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Wednesday, July 17, 2024

Decimation of amphibian populations in Latin America linked to surge in human malaria cases

A UC Davis retrospective study highlights the importance of preventing ecosystem disruptions to safeguard animal and human health


By BRANDON NGUYEN — science@theaggie.org 


From the 1980s to early 2000s, populations of amphibians, including frogs and salamanders, vanished from Costa Rica and Panama. The public did not notice their mysterious disappearance except for small groups of ecologists who later discovered the underlying cause for the amphibian decline to be a deadly fungal pathogen called Batrachochytrium dendrobatidis or “Bd.”

In a retrospective study published in the journal Environmental Research Letters, a group of UC Davis researchers found an alarming link between the amphibian decline and negative consequences for human health. During the spread of the fungus, there was also a spike in human malaria cases, highlighting the need for preserving ecosystem stability.

“For amphibians, the spread of Batrachochytrium dendrobatidis (Bd)—an extremely virulent fungal pathogen responsible for massive worldwide die-offs from the resulting chytridiomycosis—has arguably caused ‘the greatest recorded loss of biodiversity attributable to a disease,’” the paper reads. 

Dr. Michael Springborn, the lead author of the study and a professor in the Department of Environmental Science and Policy at UC Davis, described why the effects of the fungal pathogen on amphibians were so deadly.

“Bd wreaked havoc through disruption of amphibian skin function, such as affecting the amphibian’s ability to regulate water on the outside and inside of their skin,” Springborn said. “It laid waste to these amphibian populations in vast numbers across a large area, including Costa Rica and Panama.”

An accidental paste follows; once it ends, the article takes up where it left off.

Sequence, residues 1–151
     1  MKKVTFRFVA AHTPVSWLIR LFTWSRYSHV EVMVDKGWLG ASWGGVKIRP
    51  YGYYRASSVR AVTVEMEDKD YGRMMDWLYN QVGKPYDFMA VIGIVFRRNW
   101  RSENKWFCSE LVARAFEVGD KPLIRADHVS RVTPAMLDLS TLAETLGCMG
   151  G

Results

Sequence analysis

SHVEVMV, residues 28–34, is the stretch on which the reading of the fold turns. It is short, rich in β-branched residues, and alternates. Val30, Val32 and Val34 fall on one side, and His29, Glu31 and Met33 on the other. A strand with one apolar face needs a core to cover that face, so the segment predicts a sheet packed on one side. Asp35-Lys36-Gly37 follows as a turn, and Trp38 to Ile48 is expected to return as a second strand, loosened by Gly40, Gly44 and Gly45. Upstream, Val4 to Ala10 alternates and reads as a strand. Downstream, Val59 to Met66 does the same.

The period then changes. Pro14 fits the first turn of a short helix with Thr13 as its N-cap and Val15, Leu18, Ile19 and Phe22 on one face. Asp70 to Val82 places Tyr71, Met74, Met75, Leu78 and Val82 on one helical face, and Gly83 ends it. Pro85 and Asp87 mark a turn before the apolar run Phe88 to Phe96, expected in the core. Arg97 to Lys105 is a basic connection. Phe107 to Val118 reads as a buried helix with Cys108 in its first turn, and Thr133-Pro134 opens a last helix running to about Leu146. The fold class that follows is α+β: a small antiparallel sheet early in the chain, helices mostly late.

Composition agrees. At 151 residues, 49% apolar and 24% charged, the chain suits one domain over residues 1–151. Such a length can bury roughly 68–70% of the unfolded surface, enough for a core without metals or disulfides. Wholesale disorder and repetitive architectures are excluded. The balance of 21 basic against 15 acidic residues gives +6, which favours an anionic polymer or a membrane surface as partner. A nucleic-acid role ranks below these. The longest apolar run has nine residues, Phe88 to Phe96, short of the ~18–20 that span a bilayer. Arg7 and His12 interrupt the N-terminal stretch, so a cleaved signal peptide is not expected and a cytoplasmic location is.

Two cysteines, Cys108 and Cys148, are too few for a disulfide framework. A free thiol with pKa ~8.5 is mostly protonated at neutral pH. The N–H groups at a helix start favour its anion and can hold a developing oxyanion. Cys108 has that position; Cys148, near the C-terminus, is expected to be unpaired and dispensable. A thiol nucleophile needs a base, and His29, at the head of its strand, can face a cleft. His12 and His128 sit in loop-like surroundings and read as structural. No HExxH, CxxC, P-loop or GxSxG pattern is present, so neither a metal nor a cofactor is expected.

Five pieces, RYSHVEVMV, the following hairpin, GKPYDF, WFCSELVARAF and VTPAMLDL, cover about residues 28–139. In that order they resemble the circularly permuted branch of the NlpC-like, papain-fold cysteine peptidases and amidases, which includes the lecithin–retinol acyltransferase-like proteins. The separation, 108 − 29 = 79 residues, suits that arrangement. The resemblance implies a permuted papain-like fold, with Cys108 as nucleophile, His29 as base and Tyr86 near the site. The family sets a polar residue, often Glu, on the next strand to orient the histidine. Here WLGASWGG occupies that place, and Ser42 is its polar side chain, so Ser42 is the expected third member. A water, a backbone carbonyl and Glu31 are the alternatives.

Joakim Weill, a co-author of the study and UC Davis Ph.D. candidate at the time, explained how the team discovered the link between the amphibian decimation and human health.

“We’ve known for a while that complex interactions exist between ecosystems and human health, but measuring these interactions is still incredibly hard,” Weill said. “We got there by merging tools and data that don’t usually go together as well as through collaboration with other experts including herpetologists, who specialize in the study of reptiles and amphibians.”

Furthermore, Springborn and his team highlighted how tragedies like the amphibian die-off often go unheard of but should receive more attention. 

“The loss of these amphibians is a tragedy in its own right, and unfortunately, it’s a tragedy that only gets so much attention when there’s no connection made explicitly to human welfare or to impact on human communities,” Springborn said. “So we were motivated in this paper by an interest in trying to identify whether there were discernible impacts on human communities, and if so, how do we build an understanding of this loss? Not just the direct loss of these species, but also the indirect loss we might feel by how this disturbs the ecosystem.”

Springborn and his team found that mosquitoes had the potential to carry vector-borne diseases. According to Springborn, because there were fewer amphibians that could feed on mosquito eggs, there was an unchecked rise in the population of mosquitoes, causing the spike in human malaria cases. 

According to the study, up to one in 1,000 people contracted malaria annually during this time who would not have if the amphibian decline did not occur. 

To attempt to remediate this, Springborn advocated for a preventative approach, underscoring the need to maintain ecosystem stability for the sake of both animal and human health.

“It’s important to understand that our human systems have evolved to take advantage of the particular ecosystems and environmental systems that we live in,” Springborn said. “We probably take for granted how that environmental stability is sort of built into almost everything in things that we have — the way that we live in our homes and the way that we travel from one place to another. As we gain an understanding of these perturbations like climate change and the movement of pathogens around the world that disrupt the underlying stability, it’s worth investing and taking costly measures […] to protect against these threats ahead of time.” 


Written by: Brandon Nguyen — science@theaggie.org